Posted Sat Oct 25, 2008, 6:17am Subject: Re: NY Times article on the coffee "renaissance" in NYC
Here's my favorite quote from the article:
“What you see going on now is a de- Starbuckification, if you will,” said Suzanne Wasserman, a food historian who is director of the Gotham Center for New York City History. “People are yearning for authenticity.”
Posted Sat Oct 25, 2008, 8:45am Subject: Re: NY Times article on the coffee "renaissance" in NYC
I wouldn't be so quick to count out Starbucks yet. There are a whole lot of things they can still do to fix their situation. Those Clovers aren't paperweights and they are sourcing better coffees - not great yet, but better.
Overall a good article. Having been misquoted a bunch of times by journalists myself, I'm wondering what Daniel's full quote was along with the context.
And as far as that last line, as long as the Food Museum woman also believes a $5 beer or wine is also extortion, more power to her. But you've got no credibility if you think X is overpriced while Y isn't when the what you're paying for is the ingredient quality and the expertise to produce something delicious from it. That's exactly the thinking that's held NY (and many other cities) back for so long. Maybe she should be a museum exhibit herself.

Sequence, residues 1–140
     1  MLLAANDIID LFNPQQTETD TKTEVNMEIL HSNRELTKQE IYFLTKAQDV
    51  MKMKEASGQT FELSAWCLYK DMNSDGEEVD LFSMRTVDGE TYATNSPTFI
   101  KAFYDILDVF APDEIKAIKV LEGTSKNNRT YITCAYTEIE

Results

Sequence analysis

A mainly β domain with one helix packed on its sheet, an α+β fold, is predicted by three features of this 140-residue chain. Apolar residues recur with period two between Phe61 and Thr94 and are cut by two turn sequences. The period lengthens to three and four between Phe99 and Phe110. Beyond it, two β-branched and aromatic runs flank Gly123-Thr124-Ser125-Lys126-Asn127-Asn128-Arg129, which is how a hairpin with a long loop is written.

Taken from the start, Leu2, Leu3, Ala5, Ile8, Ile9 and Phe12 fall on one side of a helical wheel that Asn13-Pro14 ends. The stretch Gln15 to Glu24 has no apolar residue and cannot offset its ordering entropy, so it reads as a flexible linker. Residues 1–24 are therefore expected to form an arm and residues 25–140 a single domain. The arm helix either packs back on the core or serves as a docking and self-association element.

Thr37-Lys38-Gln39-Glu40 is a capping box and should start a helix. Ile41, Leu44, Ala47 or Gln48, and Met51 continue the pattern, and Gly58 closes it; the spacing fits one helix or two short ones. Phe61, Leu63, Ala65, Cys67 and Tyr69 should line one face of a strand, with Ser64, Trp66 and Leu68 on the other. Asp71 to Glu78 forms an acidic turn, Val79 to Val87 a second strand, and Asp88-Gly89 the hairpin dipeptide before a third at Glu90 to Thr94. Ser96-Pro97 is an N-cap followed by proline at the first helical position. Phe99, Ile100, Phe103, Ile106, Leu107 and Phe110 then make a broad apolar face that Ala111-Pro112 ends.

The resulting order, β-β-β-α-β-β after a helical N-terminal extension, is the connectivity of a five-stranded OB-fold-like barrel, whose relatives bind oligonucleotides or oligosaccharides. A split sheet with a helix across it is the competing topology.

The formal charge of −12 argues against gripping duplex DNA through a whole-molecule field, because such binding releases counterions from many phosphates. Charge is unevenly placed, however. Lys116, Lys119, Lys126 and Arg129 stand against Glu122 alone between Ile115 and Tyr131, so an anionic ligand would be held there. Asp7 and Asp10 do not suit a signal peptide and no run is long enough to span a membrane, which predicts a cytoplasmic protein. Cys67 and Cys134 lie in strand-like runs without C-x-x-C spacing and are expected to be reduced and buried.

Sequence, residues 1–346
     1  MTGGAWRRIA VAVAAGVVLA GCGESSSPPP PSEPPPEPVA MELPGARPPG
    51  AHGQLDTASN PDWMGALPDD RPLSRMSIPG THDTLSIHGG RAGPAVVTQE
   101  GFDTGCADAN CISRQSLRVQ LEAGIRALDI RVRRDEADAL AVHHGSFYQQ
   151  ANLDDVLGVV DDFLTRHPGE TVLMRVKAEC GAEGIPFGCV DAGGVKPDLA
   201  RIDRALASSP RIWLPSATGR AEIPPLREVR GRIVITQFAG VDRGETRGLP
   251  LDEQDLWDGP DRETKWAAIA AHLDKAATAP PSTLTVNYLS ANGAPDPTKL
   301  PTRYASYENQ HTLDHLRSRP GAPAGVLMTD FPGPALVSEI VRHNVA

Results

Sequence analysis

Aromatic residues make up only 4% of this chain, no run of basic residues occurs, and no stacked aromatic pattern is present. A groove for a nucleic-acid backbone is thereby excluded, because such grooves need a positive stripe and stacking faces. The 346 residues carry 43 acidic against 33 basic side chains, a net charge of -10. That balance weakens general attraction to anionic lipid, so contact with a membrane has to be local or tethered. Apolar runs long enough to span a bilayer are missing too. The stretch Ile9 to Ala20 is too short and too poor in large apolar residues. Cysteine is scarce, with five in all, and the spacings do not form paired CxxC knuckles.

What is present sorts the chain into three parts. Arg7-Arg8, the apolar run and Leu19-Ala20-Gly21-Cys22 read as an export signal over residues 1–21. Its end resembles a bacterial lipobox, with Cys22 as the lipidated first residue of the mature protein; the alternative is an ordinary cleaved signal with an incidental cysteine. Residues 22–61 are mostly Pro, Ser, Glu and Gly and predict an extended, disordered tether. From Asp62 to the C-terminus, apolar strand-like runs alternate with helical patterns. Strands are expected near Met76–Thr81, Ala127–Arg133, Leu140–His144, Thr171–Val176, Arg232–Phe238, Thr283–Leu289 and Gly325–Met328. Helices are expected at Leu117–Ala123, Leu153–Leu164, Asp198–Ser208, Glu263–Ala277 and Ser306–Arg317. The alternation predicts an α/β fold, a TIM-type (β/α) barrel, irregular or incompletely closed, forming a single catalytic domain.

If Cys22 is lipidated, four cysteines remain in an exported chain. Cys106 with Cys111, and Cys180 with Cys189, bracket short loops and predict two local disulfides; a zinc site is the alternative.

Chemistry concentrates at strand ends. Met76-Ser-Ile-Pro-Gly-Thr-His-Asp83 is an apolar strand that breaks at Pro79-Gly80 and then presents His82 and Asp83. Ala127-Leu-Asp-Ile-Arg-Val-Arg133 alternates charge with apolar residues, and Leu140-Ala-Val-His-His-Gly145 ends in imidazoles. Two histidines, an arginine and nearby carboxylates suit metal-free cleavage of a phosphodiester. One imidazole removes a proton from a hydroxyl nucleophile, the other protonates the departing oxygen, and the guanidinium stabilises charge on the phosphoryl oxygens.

Posted Sat Oct 25, 2008, 10:07am Subject: Re: NY Times article on the coffee "renaissance" in NYC
I'm certainly not counting Starbucks out. They might actually continue to transform themselves into something more appreciable, instead of insisting that they know what's best for me or what the best really is. I'm merely enjoying them reaping the result of their profit-focused arrogance from the past few years. "Hmmm, maybe we do need to change some things here..." Starbucks is going to have to step things up, since many the customers they have educated have now graduated to Higher Learning. Or opened up some challenging competition.
People feel that more-than-a-dollar coffee is extortion merely because price is the driving factor for most people, since they all taste bad anyway-- or sometimes, people can't taste the difference, or don't care. As long as the dollar coffee is available (along with those "Greek" blue paper cups!) for those who want it, I have no problem having the $2.50 double espresso and the $4 latte as well. Then each side can sniff at the other and everyone is happy.
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